“Getting to Zero”: Nigeria’s progress in the fight against HIV/AIDS

Getting to Zero-HIV-AIDS in Nigeria

The reality of HIV/AIDS in Nigeria

This article was featured in our #HIV/AIDS edition of HALA Magazine. FREE Download here!

Red Ribbon Symbol for HIV/AIDSHIV/AIDS is a major threat to development, especially in sub-Saharan Africa. The devastating effects of the AIDS epidemic are mostly seen in this region, which is home to the over 23 million of the 34 million people living with HIV worldwide, according to the UNAIDS 2012 report. HIV prevalence in Nigeria is 4.1%, which means that about one in every twenty five Nigerian is living with HIV. Nigeria currently ranks second among the countries with the highest HIV/AIDS burden in the world, next only to South Africa. There are also about 260,000 children living with HIV/AIDS and over 2 million AIDS orphans in the country. Only about a quarter (i.e. 400,000 people) of 1.6 million people that require antiretroviral drugs (ARVs) currently have access to them. HIV/AIDS has continued to take its toll on developmental indices and the health system.

The first case of AIDS in Nigeria was reported in 1986. The national HIV prevalence increased from an initial 1.8% in 1991 to 5.8% in 2001 and then declined to 5.0% in 2003 and to 4.4% in 2005. After a rise to 4.6% in 2008, there was a recent drop to 4.1% in 2010.

HIV Infection trend in Nigeria

Statistics from the National Agency for the Control of AIDS (NACA)

Public health initiatives on HIV-AIDS in Nigeria

EFFORTS BY THE NIGERIAN GOVERNMENT: The Federal Government of Nigeria has responded to the HIV/AIDS epidemic through a number of policy and programmatic approaches, including commitments to interventional conventions and goals such as the universal access to HIV/AIDS interventions. The government’s initial response to the epidemic was to develop a four year program called the HIV/AIDS Emergency Action Plan (HEAP), based on a national strategic work plan but it was designed to be jointly executed by the Government of Nigeria, bilateral donors, and a World Bank IDA credit. Upon its expiration, the Federal Government introduced the National Policy on HIV/AIDS and the National Strategic Framework (NSF) which now incorporates a wide participation from Civil Society, the Private sector, Government entities, implementing bodies and international donors. All of this is aimed at halting and reversing the spread of HIV infection, as well as mitigating the impact of HIV/AIDS, by 2015. The multi-sectorial approach adopted by the government is coordinated by the National Agency for the Control of AIDS (NACA), formerly called the National Action Committee on AIDS. NACA oversees policies, programmes and projects directed at the AIDS issue, provides leadership and monitors the progression of the epidemic.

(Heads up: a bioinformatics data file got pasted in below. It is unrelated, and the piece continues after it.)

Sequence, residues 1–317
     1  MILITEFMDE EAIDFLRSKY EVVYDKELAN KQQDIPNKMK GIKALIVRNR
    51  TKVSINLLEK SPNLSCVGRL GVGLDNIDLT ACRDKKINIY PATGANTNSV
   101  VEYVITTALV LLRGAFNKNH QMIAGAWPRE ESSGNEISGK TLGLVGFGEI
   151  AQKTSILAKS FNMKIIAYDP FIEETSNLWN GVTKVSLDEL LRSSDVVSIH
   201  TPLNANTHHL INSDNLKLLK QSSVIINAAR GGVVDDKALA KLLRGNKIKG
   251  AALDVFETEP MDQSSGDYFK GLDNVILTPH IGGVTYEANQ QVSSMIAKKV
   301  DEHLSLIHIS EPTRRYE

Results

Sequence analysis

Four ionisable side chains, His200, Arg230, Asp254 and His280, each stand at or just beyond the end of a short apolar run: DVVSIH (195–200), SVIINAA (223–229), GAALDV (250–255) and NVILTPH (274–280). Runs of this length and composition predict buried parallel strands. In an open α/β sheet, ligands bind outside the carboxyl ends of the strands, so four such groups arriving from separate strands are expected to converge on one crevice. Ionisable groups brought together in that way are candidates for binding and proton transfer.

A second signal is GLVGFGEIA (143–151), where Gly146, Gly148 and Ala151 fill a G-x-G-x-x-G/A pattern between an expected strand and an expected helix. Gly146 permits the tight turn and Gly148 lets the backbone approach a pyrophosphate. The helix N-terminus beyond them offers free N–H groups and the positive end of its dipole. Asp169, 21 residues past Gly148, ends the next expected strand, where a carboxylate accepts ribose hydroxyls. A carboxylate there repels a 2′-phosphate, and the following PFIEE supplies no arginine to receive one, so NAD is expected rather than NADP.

EFFORTS BY INTERNATIONAL ORGANISATIONS: There has also been tremendous support from programmes and development partners such as the US President’s Emergency Plan for AIDS Relief (PEPFAR), Global Fund, Bill and Melinda Gates Foundation, MacAuthor Foundation, etc. However, all of these supports so far still falls short of meeting our current burden of the disease. The largest donor funders e.g. PEPFAR are time-based projects and in the event of them rolling up, may leave a detrimental gap that may very well reverse all the efforts that have been gained so far.